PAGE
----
The largest known dog cemetery in the ancient world was found in the Ashkelon area of Israel, and the dogs buried there closely resemble the Canaan dog that is still found in and around Israel today. It is believed that they provided herding and guarding services to ancient Hebrew people, but the people they served were dispersed by the Romans, and many of the dogs fled to the wilderness. A few of these dogs worked with the Bedouin people, but the majority remained feral. In the 1960s, Dr. Rudolphina Menzel managed to capture and domesticate some of these feral dogs. She found them highly intelligent and very easy to train, making them ideal for military dogs in the area, and they became sentries, detectors of landmines, messengers, and they even assisted the Red Cross in their duties.
Canaan dogs are highly intelligent and active dogs who are exceptionally easy to train and who enjoy a challenge. Agility Training is a fun dog sport for both you and your canine companion in which your dog is trained to follow both hand signals and one-word commands from their handler in order to navigate through several different obstacles such as jumps, tunnels, platforms, and weave poles as quickly as possible. This is a team sport which is extremely helpful in improving the communication and bond you have with your pooch as well as encouraging critical thinking skills and challenging your dog physically.
This breed of dog was initially used as not only a guard dog for the home and family but also assisted in herding and in guarding the flock. Treibball is a canine sport that was initially developed in Germany as an outlet for the intense drives of herding dogs without access to actual livestock in which dogs herd large, inflated balls to a specific goal or spot within a certain amount of time. The handlers working with the dogs are allowed to communicate with them via both voice commands and hand gestures, but they must remain in the handler’s area once the event has begun. While not all Canaan dogs have retained their herding instincts many of them do still have the motivation to excel at this emerging dog sport.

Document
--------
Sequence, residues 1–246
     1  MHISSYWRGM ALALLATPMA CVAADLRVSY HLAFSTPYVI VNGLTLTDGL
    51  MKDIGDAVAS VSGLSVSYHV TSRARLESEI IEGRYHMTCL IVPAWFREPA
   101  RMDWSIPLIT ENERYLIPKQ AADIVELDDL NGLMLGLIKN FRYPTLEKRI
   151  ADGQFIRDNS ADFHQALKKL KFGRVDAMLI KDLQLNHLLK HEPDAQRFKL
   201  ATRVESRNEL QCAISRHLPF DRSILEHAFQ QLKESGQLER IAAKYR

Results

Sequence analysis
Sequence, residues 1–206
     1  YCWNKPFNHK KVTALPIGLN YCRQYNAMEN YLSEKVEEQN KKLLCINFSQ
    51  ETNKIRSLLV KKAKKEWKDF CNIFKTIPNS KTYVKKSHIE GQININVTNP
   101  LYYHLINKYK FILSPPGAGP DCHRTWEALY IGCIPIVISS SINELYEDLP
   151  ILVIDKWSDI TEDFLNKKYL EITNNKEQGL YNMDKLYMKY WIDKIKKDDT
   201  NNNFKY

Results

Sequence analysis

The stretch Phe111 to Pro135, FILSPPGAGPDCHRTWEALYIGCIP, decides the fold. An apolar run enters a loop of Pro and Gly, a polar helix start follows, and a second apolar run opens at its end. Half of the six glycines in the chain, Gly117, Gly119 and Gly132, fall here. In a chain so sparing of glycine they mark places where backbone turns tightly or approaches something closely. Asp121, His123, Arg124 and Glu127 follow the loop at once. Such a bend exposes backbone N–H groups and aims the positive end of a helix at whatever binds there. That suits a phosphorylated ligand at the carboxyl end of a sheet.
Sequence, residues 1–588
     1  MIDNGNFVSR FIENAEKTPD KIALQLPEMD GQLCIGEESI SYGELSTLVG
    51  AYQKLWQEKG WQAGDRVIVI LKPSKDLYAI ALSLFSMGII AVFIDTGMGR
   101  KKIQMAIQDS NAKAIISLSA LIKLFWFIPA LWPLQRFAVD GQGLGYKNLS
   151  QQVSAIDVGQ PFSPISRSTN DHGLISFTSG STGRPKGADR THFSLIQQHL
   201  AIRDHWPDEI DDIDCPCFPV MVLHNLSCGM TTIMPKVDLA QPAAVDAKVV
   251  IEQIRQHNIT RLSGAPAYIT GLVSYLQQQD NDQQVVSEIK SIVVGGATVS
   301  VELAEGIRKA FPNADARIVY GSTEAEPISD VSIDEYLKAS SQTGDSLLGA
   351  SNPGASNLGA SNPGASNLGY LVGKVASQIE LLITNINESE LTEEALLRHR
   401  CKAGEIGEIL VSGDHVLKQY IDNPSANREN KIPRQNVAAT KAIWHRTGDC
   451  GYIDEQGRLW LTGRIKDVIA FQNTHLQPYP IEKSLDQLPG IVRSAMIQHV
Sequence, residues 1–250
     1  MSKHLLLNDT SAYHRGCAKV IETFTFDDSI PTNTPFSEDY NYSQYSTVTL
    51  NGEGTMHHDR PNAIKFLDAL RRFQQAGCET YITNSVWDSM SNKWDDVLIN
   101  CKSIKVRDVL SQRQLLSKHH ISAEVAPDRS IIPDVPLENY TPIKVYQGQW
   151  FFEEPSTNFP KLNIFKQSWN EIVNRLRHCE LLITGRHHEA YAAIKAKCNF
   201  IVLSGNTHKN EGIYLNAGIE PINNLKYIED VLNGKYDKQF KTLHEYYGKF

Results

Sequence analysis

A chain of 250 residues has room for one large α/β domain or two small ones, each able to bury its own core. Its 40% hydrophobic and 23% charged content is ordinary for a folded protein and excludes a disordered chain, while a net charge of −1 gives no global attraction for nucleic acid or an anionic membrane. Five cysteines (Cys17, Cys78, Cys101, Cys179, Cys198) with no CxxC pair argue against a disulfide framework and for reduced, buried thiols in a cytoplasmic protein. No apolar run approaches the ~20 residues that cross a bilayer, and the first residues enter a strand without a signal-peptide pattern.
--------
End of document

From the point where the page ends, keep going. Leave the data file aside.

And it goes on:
While the Canaan dog spent several hundred years as an essentially feral breed, when Dr. Menzel first began capturing them for domestication she found that they were extremely easy to socialize and train. Within weeks of capturing her first Canaan dog, it was well-behaved enough to go into town and even ride the bus safely within just a few weeks. These intelligent dogs, though able to be independent, also enjoyed the company of humans and were quite people-oriented when given the opportunity. Advanced and competitive obedience gives them a good way to bond more closely with their chosen humans as well as keeping their minds active and occupied.
This energetic breed of dog will enjoy this activity in which they lead the way attached to a specialized harness and leash that also attaches to your waist. This sport allows you to move faster an get better exercise yourself by allowing you to keep your hands free and adding a little momentum through the actions of your canine companion.
These dogs are intelligent, quick-thinking, and agile, and many of them will enjoy the challenge of advanced games that include flying discs.
Flyball is a fast-paced dog sport that is a combination of a relay race and a game of fetch. This dog sport takes advantage of the dog’s quick mind as well as their physical speed and agility, giving them both a mental and physical workout.
Although the Canaan dog is able to be quite independent, as evidenced by the fact that they survived several hundred years as a feral breed, they are also extremely intelligent and take quickly to most training methods, as long as training sessions do not last too long or get overly repetitive. They have proven to be an exceptionally versatile breed and can participate in a number of activities.